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When it comes to backpacking and overnight hiking, your tent can be your best friend. It shields you from the elements, provides comfort, and offers a sense of security amidst any environment in which you find yourself. But with so many options on the market, how do you choose the perfect one? That's where we come in. We've scoured the latest reviews and evaluated the top backpacking tents on the market and here, we present the cream of the crop.
Best Overall Backpacking Tent: Big Agnes Copper Spur HV UL2
Our top pick for the best backpacking tent goes to the Big Agnes Copper Spur HV UL2. This tent strikes the perfect balance between weight, durability, and functionality. It weighs in at a mere 3 pounds and 2 ounces, making it an ideal companion for those counting every ounce in their backpacks. But don't let the lightweight design fool you; this tent offers a roomy 29 square feet of floor space, two doors, and 18 square feet of vestibule space.
Imagine a world where you can have your cake and eat it too - or, in this case, your wilderness adventure and a comfortable night's sleep. Car camping, which refers to camping trips that allow you to drive up to your campsite, offers just that. It combines the thrill of the great outdoors with the convenience of your car nearby. Though most frequent car campers aren’t quite as serious as back-country trekkers, you still want to make sure you have an adequate shelter. That's where we come in.
In this guide, we're about to unveil the best tents for car camping, ensuring your nights under the stars are cozy, safe, and unforgettable. Whether you're a seasoned road warrior or just starting your car camping journey, these tents will be your trusted companions. Let's dive in!
Qualities of a Good Car Camping Tent
If you don’t plan to backpack your way through the Appalachian trail or test the back-country of the American West, you likely won’t need some of the specialized gear that serious mountaineers use. As a casual car camper, the type of tent you should be on the lookout for is going to be quite a bit simpler. Look for the following qualities when shopping for a car camping tent:
Whether you’re planning a Labor Day weekend camping trip or simply taking a day trip to a national park or outdoor space, you’ll need to be ready to deal with the late August heat. While there are a number of products on the market that might help you survive the sun’s powerful rays this weekend, we at Renlicon have prepared a handy DIY guide to finding cooling solutions that really work with items you already have on hand. Comb through this list to find techniques that will fit your budget and keep you from succumbing to Mother Nature’s steamy wrath!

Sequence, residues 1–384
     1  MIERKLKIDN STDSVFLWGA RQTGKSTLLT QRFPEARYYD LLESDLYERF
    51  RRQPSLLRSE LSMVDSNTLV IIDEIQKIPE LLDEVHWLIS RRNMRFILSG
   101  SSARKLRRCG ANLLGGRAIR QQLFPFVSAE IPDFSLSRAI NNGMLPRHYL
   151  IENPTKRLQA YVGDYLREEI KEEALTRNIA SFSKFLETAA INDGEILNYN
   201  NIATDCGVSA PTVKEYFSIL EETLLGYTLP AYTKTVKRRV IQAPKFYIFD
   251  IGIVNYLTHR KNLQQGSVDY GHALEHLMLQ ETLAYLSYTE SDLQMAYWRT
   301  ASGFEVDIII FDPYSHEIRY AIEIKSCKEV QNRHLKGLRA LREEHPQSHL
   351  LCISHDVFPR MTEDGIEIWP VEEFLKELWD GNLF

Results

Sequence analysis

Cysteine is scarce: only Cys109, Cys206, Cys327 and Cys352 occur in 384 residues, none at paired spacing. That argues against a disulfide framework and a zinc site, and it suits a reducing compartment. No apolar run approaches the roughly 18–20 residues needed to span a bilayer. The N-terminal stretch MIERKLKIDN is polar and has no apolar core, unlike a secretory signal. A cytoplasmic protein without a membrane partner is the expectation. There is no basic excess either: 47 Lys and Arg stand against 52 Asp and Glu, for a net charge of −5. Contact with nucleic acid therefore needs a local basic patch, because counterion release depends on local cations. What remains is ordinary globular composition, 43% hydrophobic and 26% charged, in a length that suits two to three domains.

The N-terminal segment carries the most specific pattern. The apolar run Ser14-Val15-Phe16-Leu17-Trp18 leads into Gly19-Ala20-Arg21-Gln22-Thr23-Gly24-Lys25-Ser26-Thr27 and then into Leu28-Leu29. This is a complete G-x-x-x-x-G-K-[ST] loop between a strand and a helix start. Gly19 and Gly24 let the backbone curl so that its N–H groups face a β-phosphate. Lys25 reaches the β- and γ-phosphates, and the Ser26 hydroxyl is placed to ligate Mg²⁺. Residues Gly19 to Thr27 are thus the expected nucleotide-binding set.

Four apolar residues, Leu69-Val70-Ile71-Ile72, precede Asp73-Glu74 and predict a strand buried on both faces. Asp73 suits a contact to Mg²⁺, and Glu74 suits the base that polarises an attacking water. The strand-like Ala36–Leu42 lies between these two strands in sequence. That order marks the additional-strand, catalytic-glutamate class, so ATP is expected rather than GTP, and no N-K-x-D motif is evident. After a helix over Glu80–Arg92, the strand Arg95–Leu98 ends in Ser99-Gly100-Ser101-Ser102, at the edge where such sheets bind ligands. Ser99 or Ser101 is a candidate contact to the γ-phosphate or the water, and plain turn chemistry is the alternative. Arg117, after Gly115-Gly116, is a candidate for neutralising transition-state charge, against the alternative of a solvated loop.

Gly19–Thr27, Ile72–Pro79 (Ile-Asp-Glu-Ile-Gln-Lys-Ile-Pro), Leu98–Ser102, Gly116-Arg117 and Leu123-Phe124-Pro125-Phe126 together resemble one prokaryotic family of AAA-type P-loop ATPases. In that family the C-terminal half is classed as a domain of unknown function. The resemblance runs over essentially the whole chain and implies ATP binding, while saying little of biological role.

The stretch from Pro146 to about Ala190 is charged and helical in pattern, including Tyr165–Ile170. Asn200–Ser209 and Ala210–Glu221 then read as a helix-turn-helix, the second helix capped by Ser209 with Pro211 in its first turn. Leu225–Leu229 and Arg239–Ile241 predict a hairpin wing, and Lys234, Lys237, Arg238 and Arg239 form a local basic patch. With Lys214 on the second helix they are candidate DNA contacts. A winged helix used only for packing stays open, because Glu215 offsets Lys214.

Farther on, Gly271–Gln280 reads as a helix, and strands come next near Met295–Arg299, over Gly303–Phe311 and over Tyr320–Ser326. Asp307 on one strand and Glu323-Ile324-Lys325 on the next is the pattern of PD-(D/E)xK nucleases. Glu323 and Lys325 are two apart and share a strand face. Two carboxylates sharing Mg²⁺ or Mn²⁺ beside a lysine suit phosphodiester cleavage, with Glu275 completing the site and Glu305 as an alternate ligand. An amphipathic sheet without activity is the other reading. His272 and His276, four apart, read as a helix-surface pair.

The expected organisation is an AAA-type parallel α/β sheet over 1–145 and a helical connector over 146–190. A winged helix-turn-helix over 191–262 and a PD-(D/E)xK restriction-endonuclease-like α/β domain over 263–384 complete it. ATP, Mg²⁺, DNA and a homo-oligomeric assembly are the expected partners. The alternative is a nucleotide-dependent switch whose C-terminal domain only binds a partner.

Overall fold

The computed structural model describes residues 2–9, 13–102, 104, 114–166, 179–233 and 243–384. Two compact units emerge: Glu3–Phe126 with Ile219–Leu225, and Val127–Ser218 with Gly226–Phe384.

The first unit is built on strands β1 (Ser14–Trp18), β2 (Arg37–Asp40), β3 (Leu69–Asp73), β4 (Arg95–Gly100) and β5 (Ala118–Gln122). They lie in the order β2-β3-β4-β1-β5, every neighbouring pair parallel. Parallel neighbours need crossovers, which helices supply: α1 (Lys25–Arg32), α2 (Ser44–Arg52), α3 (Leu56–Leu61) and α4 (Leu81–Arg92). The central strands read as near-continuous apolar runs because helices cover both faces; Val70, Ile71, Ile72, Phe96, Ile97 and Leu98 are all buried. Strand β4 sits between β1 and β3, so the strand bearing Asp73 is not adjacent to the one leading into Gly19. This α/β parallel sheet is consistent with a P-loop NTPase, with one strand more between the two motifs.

Potential Health Risks of Heat Overexposure
Overexposure to heat during the dog days of summer can present a potentially fatal health risk. Though we’re big proponents of outdoor activities of all kinds, we want to make sure you’re fully educated and prepared to deal with all risks associated with outdoor life. Heat stroke and other heat-related illnesses are responsible for around 1,300 deaths in the United States alone every year.
The following three heat-related conditions present various symptoms that you should be on the lookout for as you participate in outdoor Labor Day activities this year:
Cooking while camping should be simple and enjoyable. If you’re looking for the perfect campfire meal, one-pot camping recipes are the solution, providing delicious meals without the hassle. Check out these fifteen amazing one-pot camping recipes that will elevate your outdoor dining experience.
1. Campfire Chili
Warm and hearty, campfire chili is a camping classic. Brown ground beef or turkey in a pot over the campfire, then add canned beans, diced tomatoes, onions, bell peppers, and chili seasoning. Let the flavors meld together in the pot as it simmers. Serve with shredded cheese and sour cream for a comforting meal.
2. Pasta Primavera
A quick and nutritious option, one-pot pasta primavera combines pasta, water, olive oil, garlic, and various vegetables like bell peppers, zucchini, and cherry tomatoes. Cook everything in a pot over the camp stove until the pasta is tender and the veggies are cooked. Season with salt, pepper, and Parmesan cheese for a satisfying dish.
3. Skillet Sausage and Potatoes
Utilize a campfire skillet for a delightful sausage and potato dish. Slice sausages and combine them with diced potatoes, onions, and bell peppers in a cast-iron skillet. Season with your preferred spices and cook over the campfire until the potatoes are tender, and the sausages are browned. Finish with chopped parsley.
Planning on taking a weekend camping trip with family or friends? If you’re like us, you’ll agree that packing is the worst part. Because you want to ensure you bring the gear you need to make outdoor living an enjoyable experience, it’s hard to determine what to leave behind. After a while, the back of your car, truck, or SUV will inevitably start looking like that closet you throw stuff in when the company’s coming over! It’s time for some better solutions. Follow this quick guide to replace your “stuff-it-and-go” packing strategy with an efficient and space-saving way to prep for an outdoor excursion.
Step One: Consolidate Your Gear
The first step to packing anything is to take an inventory of your gear and consolidate it into like categories. Do you have three burners? How about a couple of sets of trekking poles? It’s always a good idea to go ahead and pull all your gear into one place and to begin organizing it before you even begin packing. That way, you know that 1) you’re covering all of your bases and 2) you aren’t forgetting any important items. Remember, the amount of gear you pack is dependent upon the available space in your vehicle and at your campsite. Make the gear you’re toting fits the context.